Are You Really Listening?
“Mom! Are you listening?” When your children, spouse, friends, coworkers talk to you, are you really listening?
In these days of constant access to screen time, we tend to have conversations while we simultaneously surf the web, check status updates, read email etc. and only half listen to the other person. You are physically right next to the person, but mentally in another place.
Or maybe you set aside your phone/computer, but you formulate a response in your mind. You think about what you want to say as soon as the person stops talking. Again, your mind isn’t paying attention because your brain is only concerned with what you will say next.
Too often I look at my phone during conversations with others. Or I cook, or finish a project, and don't look at the other person. I am trying hard to change mostly because I feel it is rude. Last month, our son walked in the door with a pair of boots in his hand. I put my phone down, and looked at him as he told me how he got the boots. He then went on to tell me two more stories of things that happened during the day. Three stories out of our 18 year old son in ten minutes is a record. It happened because I put my phone down and looked at him.
Why should we fully listen to others? Focused attention shows respect and states you care about them. One of the best things we can do for our children is let them know we care and demonstrate their importance.
Relationships built on respect and caring flourish. People who feel respected and cared for develop positive self-worth. All of this combined proves the value we place on them as a person. Saying we care is one thing, demonstrating it is another.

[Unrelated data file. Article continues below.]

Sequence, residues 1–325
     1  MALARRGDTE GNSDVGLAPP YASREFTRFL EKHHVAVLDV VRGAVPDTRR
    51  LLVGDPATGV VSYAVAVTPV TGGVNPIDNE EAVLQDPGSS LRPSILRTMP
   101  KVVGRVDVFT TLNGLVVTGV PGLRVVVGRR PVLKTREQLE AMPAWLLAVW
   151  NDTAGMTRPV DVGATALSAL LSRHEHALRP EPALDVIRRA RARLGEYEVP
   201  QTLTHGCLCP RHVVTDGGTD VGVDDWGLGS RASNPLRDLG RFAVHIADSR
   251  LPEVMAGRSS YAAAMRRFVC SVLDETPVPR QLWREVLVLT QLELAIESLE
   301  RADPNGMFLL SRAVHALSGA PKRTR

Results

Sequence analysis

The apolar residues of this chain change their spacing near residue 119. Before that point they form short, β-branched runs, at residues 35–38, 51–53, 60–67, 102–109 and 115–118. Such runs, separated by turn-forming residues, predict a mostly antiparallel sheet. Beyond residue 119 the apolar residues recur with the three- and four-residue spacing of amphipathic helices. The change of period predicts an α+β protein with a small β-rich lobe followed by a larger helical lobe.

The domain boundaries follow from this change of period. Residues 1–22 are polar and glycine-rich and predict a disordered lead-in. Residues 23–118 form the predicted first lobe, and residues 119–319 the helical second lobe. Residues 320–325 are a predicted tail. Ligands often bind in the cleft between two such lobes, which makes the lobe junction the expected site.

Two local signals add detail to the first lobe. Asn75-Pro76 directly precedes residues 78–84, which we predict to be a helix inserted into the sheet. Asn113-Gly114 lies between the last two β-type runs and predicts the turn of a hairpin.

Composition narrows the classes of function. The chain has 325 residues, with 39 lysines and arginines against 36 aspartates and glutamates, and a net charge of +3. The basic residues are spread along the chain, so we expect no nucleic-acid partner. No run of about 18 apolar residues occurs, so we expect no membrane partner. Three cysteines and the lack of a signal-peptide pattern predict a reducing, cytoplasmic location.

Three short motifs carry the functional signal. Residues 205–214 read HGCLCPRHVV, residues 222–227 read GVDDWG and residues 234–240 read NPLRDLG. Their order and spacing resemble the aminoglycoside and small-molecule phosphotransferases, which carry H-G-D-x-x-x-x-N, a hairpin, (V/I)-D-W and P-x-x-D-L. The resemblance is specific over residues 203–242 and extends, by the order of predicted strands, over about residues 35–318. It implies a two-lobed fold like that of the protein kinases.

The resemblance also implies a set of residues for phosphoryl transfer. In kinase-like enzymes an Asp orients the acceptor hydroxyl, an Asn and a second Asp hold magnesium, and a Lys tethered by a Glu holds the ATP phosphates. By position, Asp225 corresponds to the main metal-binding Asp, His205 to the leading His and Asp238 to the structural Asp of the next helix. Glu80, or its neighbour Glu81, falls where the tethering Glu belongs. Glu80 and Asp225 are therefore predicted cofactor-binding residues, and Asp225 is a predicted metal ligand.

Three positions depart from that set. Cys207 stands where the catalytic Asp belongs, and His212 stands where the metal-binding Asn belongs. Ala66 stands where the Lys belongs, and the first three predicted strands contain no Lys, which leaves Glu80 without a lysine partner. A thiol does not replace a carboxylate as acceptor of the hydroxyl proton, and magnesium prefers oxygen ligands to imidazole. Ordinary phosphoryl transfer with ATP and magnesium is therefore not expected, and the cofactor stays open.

People open up and express feelings when they feel valued; open and honest communication results. In today’s world, the ability to establish a loving relationship with your child is crucial. Finally, when we respect and value others, they respect and value us.
I find that listening just to listen, and not worry about formulating a response, allows me to enjoy the conversation and the person talking. Also, you never know where a conversation might go. You can learn more with your mind open to listening.
How can we improve our listening skills?
Look at the Person
Look at the person when they speak to you. It is amazing how this changes the conversation. It really heightens the level of engagement. It also lets the other person know you are invested in them and what they say. They may be apt to tell you more, and the conversation becomes more meaningful.
Listen to Learn
When I listen to learn, I stop worrying about what I want to say. I focus on every word the person says and try to internalize it. My brain focuses on the message. As I grow older, I find more ways to learn from others. Listening to learn is especially helpful at work.
After the person stops talking, repeat back to them what you heard. Ask for confirmation that you understand their message. Give them the chance to clarify if you missed something important. When the conversation involves a request, repeat their request. Now ask your questions or give advice as appropriate. If they told you a story, respond positively and end the conversation on a good note.
Practicing these techniques takes effort, but brings great reward. What tips can you add?